A police officer who was killed after a car rammed into a barrier at the U.S. Capitol died from multiple blunt force injuries, a medical examiner said April 8.
Officer William “Billy” Evans died from injuries he sustained after 25-year-old Noah Green drove a blue car into him and another officer at a barricade outside the U.S. Capitol just after 1 p.m on April 2.
That officer left the hospital Saturday. Authorities identified him as Ken Shaver.
Evans was a member of the department’s first responders unit. The 41-year-old died last Friday, shortly after the attack.
Green was shot and killed by police after he crashed the car before emerging from the vehicle and allegedly lunging at police with a knife.
Officers were guarding the Capitol grounds at the time the incident occurred.
Multiple outlets reported that social media accounts belonging to Green suggested he was a follower of the Nation of Islam and its leader, Louis Farrakhan.
Investigators were digging into Green’s background and examining whether he had any history of mental health problems as they tried to discern a motive. They were working to obtain warrants to access his online accounts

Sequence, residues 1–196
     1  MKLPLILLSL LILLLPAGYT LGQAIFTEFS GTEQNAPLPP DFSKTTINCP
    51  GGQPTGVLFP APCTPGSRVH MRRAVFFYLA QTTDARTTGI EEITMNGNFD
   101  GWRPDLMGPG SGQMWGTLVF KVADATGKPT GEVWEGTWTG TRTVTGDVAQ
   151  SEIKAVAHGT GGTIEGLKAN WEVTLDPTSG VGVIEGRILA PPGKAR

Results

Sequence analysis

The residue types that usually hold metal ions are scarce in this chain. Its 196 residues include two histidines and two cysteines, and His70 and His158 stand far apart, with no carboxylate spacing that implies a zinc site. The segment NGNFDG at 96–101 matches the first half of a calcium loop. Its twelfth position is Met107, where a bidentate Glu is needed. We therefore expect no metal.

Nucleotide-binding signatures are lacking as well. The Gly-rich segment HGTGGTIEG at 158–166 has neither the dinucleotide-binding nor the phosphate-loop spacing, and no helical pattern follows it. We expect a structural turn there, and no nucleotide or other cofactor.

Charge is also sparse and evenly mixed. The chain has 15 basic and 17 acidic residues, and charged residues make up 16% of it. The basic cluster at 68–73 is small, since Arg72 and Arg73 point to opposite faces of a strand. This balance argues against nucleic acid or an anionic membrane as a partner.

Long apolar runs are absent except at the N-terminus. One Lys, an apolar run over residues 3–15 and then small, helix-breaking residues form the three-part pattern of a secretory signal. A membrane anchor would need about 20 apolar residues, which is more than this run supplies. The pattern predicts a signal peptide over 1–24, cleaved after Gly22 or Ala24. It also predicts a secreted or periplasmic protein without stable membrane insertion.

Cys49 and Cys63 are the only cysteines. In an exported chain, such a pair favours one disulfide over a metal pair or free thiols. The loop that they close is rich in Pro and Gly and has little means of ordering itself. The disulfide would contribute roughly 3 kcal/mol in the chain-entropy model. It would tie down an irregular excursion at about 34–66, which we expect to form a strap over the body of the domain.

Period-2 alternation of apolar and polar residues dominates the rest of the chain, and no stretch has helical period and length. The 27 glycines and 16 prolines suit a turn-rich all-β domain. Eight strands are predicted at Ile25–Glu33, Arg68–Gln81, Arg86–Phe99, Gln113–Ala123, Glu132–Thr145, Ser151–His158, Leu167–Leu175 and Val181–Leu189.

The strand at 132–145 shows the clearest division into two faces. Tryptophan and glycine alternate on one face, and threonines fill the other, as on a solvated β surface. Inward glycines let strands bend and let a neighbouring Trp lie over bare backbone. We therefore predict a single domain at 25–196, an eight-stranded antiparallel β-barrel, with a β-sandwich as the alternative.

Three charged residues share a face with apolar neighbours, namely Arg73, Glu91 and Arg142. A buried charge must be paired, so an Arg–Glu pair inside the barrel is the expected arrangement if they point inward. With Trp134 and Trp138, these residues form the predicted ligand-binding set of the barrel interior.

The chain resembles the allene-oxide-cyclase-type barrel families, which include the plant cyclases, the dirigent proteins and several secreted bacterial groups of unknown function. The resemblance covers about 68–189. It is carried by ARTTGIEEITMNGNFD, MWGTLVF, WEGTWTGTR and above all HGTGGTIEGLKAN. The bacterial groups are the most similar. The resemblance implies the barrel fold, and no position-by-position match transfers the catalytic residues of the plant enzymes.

Evans’s family released a statement on Tuesday honoring him.
“Billy was the best father, son, brother, and friend anyone could ever hope for,” his family said. “Billy was proud to be a United States Capitol Police Officer. His colleagues from the North Barricade were the people he spent so many hours with, and their friendship was one of the best parts of his job.”
Earlier this week, House Speaker Nancy Pelosi (D-Calif.) and Senate Majority Leader Chuck Schumer (D-N.Y.) announced that Evans will lie in honor in the Capitol Rotunda on April 13.
“In giving his life to protect our Capitol and our Country, Officer Evans became a martyr for our democracy. On behalf of the entire Congress, we are profoundly grateful,” the Democrat leaders said in a statement.
“It is now the great and solemn privilege of the House of Representatives and the Senate to convey the appreciation and the sadness of the Congress and Country for the heroic sacrifice of Officer Evans with a lying-in-honor ceremony in the U.S. Capitol.
“May this tribute also be a source of comfort and an expression of gratitude to the U.S. Capitol Police force, which has awed our nation with their courage and resilience during this devastating time.”
A ceremony will begin on the East Front of the U.S. Capitol at 10:30 a.m. and a congressional tribute will be held at 11:00 a.m. Due to the COVID-19 pandemic, the ceremony will be open to invited guests only.
It will be the second time this year that a Capitol Police officer will be recognized in the Rotunda.
Six people have been laid to rest in the Rotunda who were not a public official or military leader.